Archive for September, 2018

Until data is misused, Facebook’s breach will be forgotten

We cared about Cambridge Analytica because it could have helped elect Trump. We ignored LocationSmart because even the though the company was selling and exposing the real-time GPS coordinates of our phones, it was never clear exactly if or how that data was misused. This idea, that privacy issues are abstract concepts for most people until they become security or ideological problems, is important to understanding Facebook’s massive breach revealed this week.  The social network’s engineering was sloppy, allowing three bugs to be combined to steal the access tokens of 50 million people. In pursuit of rapid growth at affordable efficiency, Facebook failed to protect its users. This assessment doesn’t discount that. Facebook screwed up big time. But despite the potential that those access tokens could have let the attackers take over user accounts, act as them, and scrape their personal info, it’s unclear how much users really care. That’s because for now, Facebook and it’s watchdogs aren’t sure exactly what data was stolen or how it was wrongly used. The Hack That Broke The Camel’s Back? This could all change tomorrow. If Facebook discovers the hack was perpetrated by a foreign government to interfere with elections, by criminals to bypass identity theft security checkpoints and steal people’s bank accounts or social media profiles, or to target individuals for physical harm, out will come the pitchforks and torches.  Given a sufficiently scary application for the data, the breach could finish the job of destroying Facebook’s brand. If users start clearing their profile data, reducing their feed browsing, and ceasing to share, the breach could have significant financial and network effect consequences for Facebook. After years of scandals, this could be the hack that’s broke the camel’s back. Yet in the absence of that evil utilization of the hacked data, the breach could fade into the background for users. Similar to the tension-filled departures of the founders of Facebook’s acquisitions Instagram and WhatsApp, the brunt of the backlash may not come from the public. Facebook hack could hasten regulation as Sen. Warner says Congress must “step up” The hack could hasten regulation of social media. Senator Warner called on Congress to “step up” following the hack. He’s previously advocated for privacy laws similar to Europe’s GDPR. That includes data portability and interoperability rules that could make it easier to switch social networks. That threat of people moving to competing apps could succeed in compelling Facebook to treat user privacy and security better. The FTC or European Union could hand down significant fines to Facebook for the breach. But given it earns billions in profit per quarter, those fees would have to be historically massive be a serious penalty for Facebook. One of the biggest questions about the attack is whether the tokens were used to access other services like Airbnb or Spotify that rely on Facebook Login. The breach could steer potential partners away from building atop Facebook’s identity platform. But at least you don’t have to worry about changing all your […]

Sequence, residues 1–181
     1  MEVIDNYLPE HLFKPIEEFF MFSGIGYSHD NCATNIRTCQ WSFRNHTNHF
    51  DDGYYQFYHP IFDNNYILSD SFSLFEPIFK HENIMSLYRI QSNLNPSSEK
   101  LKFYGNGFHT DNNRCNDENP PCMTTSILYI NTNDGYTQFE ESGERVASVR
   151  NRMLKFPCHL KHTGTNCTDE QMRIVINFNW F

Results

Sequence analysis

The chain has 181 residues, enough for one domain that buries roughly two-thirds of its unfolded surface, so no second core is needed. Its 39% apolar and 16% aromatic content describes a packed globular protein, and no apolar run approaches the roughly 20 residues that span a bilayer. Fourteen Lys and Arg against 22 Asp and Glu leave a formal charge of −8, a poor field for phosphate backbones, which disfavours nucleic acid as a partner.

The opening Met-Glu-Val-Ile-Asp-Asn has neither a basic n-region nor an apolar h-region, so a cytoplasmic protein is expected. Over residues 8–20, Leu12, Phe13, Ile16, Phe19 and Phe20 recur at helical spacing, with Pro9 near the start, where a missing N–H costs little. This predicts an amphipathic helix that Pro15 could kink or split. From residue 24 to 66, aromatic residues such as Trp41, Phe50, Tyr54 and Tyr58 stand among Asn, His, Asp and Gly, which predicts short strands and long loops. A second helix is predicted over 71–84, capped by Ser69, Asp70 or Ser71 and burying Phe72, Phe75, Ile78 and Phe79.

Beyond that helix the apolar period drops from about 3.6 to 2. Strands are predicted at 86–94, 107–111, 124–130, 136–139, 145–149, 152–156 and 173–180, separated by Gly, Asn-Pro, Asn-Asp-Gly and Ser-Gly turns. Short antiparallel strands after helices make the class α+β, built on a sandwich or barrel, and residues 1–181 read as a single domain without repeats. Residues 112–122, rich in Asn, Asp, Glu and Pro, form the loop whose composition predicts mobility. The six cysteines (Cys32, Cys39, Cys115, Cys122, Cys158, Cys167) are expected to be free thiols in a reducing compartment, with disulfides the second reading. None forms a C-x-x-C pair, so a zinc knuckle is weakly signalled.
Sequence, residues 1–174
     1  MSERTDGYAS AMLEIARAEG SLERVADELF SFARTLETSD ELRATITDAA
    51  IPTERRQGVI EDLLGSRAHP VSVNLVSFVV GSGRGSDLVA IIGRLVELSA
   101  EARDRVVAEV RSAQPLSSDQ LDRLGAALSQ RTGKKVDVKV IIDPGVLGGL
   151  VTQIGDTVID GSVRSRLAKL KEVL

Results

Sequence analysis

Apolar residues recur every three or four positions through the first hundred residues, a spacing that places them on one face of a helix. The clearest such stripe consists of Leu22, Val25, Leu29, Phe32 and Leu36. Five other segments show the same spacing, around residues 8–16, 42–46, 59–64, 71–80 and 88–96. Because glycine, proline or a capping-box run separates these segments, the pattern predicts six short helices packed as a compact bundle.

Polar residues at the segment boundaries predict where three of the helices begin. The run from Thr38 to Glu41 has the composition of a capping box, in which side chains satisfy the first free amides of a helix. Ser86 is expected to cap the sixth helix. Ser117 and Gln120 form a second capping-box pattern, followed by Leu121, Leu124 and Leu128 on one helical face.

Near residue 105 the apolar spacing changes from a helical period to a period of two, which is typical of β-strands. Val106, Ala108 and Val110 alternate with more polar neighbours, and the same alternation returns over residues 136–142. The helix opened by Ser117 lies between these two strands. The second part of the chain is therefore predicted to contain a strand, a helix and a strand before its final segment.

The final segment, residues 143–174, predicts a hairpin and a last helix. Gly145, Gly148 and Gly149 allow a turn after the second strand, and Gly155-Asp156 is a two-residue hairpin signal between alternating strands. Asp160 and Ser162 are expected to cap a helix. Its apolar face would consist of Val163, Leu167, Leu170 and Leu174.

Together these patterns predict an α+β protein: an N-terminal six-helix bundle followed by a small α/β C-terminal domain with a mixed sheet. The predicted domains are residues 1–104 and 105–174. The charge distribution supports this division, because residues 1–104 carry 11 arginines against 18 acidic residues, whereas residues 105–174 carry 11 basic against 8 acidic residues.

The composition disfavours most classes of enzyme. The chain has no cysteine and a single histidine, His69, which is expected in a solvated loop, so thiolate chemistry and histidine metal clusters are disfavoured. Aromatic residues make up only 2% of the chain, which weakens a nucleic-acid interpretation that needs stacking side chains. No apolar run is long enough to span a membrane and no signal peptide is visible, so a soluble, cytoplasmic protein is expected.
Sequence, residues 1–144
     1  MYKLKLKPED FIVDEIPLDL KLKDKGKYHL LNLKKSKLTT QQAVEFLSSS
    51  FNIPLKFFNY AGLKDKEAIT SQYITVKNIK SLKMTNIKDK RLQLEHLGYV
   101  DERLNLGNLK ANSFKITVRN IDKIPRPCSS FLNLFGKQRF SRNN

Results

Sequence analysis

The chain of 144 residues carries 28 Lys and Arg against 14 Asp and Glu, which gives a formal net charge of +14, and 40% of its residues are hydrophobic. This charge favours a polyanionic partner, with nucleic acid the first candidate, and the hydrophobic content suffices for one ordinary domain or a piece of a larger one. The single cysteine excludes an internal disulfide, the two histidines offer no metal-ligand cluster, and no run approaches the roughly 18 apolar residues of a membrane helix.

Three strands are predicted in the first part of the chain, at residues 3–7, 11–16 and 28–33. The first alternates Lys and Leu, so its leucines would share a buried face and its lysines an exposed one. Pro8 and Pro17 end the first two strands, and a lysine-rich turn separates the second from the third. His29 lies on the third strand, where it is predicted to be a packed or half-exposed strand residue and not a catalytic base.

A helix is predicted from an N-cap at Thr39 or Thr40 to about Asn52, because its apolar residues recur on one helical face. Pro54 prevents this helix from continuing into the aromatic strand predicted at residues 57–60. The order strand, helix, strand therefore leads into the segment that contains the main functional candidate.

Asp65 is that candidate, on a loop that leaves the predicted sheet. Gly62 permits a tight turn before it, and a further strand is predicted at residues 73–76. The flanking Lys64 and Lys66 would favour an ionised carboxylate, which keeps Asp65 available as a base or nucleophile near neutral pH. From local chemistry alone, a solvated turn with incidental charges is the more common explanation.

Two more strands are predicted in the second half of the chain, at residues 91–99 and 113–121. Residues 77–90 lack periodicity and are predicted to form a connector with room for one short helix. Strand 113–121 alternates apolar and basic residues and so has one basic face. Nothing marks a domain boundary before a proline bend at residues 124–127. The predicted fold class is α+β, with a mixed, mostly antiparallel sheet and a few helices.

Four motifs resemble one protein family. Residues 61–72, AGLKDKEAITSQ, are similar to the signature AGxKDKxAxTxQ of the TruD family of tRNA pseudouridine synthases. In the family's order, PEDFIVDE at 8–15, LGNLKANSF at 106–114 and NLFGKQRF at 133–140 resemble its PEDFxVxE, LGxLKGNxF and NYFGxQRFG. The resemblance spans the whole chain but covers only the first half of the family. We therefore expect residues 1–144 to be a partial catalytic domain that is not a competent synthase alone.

Carpooling service Klaxit partners with Uber for last-minute changes

French startup Klaxit connects drivers with riders so that you don’t have to take your car to work every day. And the company recently announced a new feature with the help of Uber. If your driver cancels your ride home, Klaxit will book an Uber for you. Klaxit is a ride-sharing startup that focuses on one thing — commuting to work. And this problem is more complicated than you might think. You can’t just go to work with the same person every day because you don’t always go to work at the same time. Similarly, sometimes your driver has to leave work early, leaving you at the office with no alternative. As a driver, you want to take the quickest route to work. So you want to be matched with riders who are exactly on the way to work. Klaxit currently handles 300,000 rides per day. In particular, the company has partnered with 150 companies, including big French companies such as BNP Paribas, Veolia, Vinci and Sodexo. Klaxit can be particularly useful for companies with large office buildings outside of big cities. Promoting Klaxit instantly fosters supply and demand from and to this office. But you don’t have to work for one of those companies to use Klaxit. Local governments can also financially support Klaxit to improve traffic conditions and mobility for users who don’t have a car or a driver’s license. “Subsidizing rides on Klaxit is 8 to 10 times cheaper than building a bus line,” co-founder and CEO Julien Honnart told me. One of the biggest concerns as a rider is that you’re going to be stuck at work in the evening. Klaxit is now asking its users to request a ride with two other drivers. If they both decline your request, Klaxit will book you an Uber ride to go back home. You don’t have to pay the Uber ride and then get reimbursed, Klaxit pays Uber directly. You don’t need an Uber account either as Klaxit is using Uber for Business. MAIF is the insurance company behind this insurance feature, and also one of Klaxit’s investors. This is a neat feature to convince new users that they can trust Klaxit. Klaxit competes with other French startups on this market, such as Karos and BlaBlaCar’s BlaBlaLines.